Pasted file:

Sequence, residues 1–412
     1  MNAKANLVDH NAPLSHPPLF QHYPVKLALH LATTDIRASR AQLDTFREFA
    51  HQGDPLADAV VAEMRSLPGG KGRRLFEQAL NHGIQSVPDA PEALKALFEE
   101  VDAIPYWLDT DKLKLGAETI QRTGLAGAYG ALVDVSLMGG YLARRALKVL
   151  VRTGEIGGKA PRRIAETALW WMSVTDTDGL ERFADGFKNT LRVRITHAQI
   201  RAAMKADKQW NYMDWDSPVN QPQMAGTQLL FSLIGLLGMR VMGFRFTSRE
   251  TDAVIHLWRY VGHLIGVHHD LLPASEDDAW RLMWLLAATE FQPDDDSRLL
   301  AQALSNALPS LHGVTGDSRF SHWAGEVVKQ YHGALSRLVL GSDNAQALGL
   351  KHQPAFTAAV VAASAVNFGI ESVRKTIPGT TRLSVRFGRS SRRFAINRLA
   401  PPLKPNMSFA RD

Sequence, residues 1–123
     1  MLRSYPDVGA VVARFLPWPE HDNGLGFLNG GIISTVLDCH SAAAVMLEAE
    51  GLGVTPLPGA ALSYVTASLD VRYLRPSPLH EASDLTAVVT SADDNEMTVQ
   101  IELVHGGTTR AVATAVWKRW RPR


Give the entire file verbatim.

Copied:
Sequence, residues 1–412
     1  MNAKANLVDH NAPLSHPPLF QHYPVKLALH LATTDIRASR AQLDTFREFA
    51  HQGDPLADAV VAEMRSLPGG KGRRLFEQAL NHGIQSVPDA PEALKALFEE
   101  VDAIPYWLDT DKLKLGAETI QRTGLAGAYG ALVDVSLMGG YLARRALKVL
   151  VRTGEIGGKA PRRIAETALW WMSVTDTDGL ERFADGFKNT LRVRITHAQI
   201  RAAMKADKQW NYMDWDSPVN QPQMAGTQLL FSLIGLLGMR VMGFRFTSRE
   251  TDAVIHLWRY VGHLIGVHHD LLPASEDDAW RLMWLLAATE FQPDDDSRLL
   301  AQALSNALPS LHGVTGDSRF SHWAGEVVKQ YHGALSRLVL GSDNAQALGL
   351  KHQPAFTAAV VAASAVNFGI ESVRKTIPGT TRLSVRFGRS SRRFAINRLA
   401  PPLKPNMSFA RD

Sequence, residues 1–123
     1  MLRSYPDVGA VVARFLPWPE HDNGLGFLNG GIISTVLDCH SAAAVMLEAE
    51  GLGVTPLPGA ALSYVTASLD VRYLRPSPLH EASDLTAVVT SADDNEMTVQ
   101  IELVHGGTTR AVATAVWKRW RPR